Inherently male and rapacious?
Such feminist perspectives are at their root confessedly anti-male, anti-western, anti-industrial, and anti-capitalist. At their most radical, they reject all exploration, development, and utilization of the earth for the purposes of energy and wealth creation. Activities such as drilling, mining, extraction, and the construction of pipelines are seen as inherently male and rapacious. Some feminists even reject what they refer to as “western science,” which they claim is merely a projection of the flawed masculine way of perceiving nature. Though most feminist scientists and scientific agencies do not express such an extreme position, many of them actively seek to minimize the achievements of male scientists in favor of female, place women in visible positions of leadership mainly because of their sex, and transfer resources and authority to women on the assumption that women care more about children, and thus the future, and therefore make more compassionate stewards of the environment.
In a recent example of such a female-centric view, CNN reported on an all-female crew that is “sailing the world” to research plastic pollution in sea water. The clear implication of the story was that women who exclude men from their research expeditions deserve public admiration and applause for their daring. I found it impossible to imagine men posturing and patting themselves on the back for doing anything as men, and expecting praise for it. “The days feel longer at sea. You really have an opportunity to connect with nature,” claims an enthusiastic female voice at the video clip’s opening. Soon we see the smiling face of a young woman, Emily Penn, the co-founder of Exxpedition (note the reference to women’s two X chromosomes), a series of all-women teams sailing the world to study plastics and toxins. Here we have a made-for-United Nations feminist fantasy.
Why are men excluded from these crews, and how is such exclusion a laudable scientific development? It’s never made clear, but it is suggested that women have a deeper passion for the environment and, relatedly, that women are more seriously impacted by ocean pollution, especially by the micro-plastics under study. These plastics, we learn, break down in the ocean, bind with toxic chemicals, and are ultimately ingested by human beings, where they mimic the body’s hormones and interrupt its chemical messages. “I realized that being a woman, having those chemicals inside my body during pregnancy would be really bad news,” Penn asserts, explaining why she came to see ocean plastics as a “female-centered” issue.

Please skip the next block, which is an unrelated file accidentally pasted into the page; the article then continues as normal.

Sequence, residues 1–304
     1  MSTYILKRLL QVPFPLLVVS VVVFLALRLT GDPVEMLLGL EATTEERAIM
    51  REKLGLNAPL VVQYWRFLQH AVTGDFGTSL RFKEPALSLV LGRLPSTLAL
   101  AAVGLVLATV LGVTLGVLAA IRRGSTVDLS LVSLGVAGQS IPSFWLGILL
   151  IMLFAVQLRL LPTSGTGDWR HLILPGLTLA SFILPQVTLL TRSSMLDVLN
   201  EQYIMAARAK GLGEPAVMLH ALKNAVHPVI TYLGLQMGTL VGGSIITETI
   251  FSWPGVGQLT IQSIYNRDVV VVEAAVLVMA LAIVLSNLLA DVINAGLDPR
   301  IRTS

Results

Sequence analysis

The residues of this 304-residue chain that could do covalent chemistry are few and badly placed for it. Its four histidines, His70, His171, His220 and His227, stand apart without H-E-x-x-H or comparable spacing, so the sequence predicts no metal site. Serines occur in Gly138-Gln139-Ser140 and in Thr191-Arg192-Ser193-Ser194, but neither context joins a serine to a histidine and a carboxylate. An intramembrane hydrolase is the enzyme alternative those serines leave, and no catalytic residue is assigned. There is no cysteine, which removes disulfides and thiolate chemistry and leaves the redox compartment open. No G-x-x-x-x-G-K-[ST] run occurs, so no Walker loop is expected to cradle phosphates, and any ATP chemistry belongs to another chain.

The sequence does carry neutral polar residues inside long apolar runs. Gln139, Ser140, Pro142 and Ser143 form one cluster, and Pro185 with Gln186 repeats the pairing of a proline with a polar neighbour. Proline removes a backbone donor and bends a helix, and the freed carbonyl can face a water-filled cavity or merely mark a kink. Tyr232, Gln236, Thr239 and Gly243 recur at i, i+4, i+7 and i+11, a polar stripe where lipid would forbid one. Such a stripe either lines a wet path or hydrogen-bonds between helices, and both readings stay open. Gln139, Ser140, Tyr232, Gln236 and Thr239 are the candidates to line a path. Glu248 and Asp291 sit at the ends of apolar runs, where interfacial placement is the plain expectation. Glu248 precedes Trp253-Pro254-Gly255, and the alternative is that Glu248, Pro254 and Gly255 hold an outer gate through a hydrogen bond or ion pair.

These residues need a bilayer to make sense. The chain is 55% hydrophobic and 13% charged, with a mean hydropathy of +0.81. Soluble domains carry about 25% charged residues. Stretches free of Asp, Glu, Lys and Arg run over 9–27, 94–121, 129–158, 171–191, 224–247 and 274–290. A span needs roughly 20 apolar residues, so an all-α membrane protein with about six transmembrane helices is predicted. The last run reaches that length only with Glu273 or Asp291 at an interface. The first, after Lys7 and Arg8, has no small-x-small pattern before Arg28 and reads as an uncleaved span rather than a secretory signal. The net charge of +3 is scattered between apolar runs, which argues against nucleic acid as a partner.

Are men not affected by the chemical-plastic stew? Are their bodies invulnerable to endocrine disruption and its implications for reproductive health? Penn doesn’t say, and doesn’t seem to care. In this case and elsewhere, the frequently heard claim that women are more empathetic and bring a human perspective to science seems to apply only to issues affecting women. Where men are concerned, feminist compassion quickly runs dry.
The story, furthermore, implies that Penn and her fellow female researchers are breaking new ground in analyzing this problem. No mention is made of the very significant work already being done by male scientists not only in highlighting the issue but actually seeking to solve it. We hear nothing, for instance, of Boyan Slat, the Dutch inventor who, at age 18 in 2013, founded The Ocean Cleanup, a non-profit foundation involving some 90 engineers, researchers, scientists and computational modelers who have developed systems to remove plastic from the world’s oceans before it breaks down into micro-plastics.
It’s hard to imagine young Boyan making a self-satisfied show of his maleness, deliberately choosing an all-male crew, or claiming that he is interested in plastics because they disproportionately affect the male sex. It would be bizarre if he did. So why is the inverse claim—that women should and do care particularly about women—seen as admirable? In my opinion, it is evidence of a deplorable narcissism.
There is nothing wrong with encouraging women, at least those with the necessary talent and dedication, to seek out careers in environmental science. But a preoccupation with women’s allegedly greater care for our world distorts our understanding of the real (and fake) environmental challenges we face; and the frequently-heard claim that we need to access all the world’s available talent is belied by the focus on women only (how many talented young men will thereby be neglected?).
Even more seriously, the idea that there is something wrong with male perspectives and “western” science is alarmingly regressive, grounded in female supremacist fantasies and long-standing anti-male resentment. These feminist biases are unscientific to the core, and their impact on environmental research and policy are likely to be wasteful and counter-productive, if not downright disastrous, in the long term.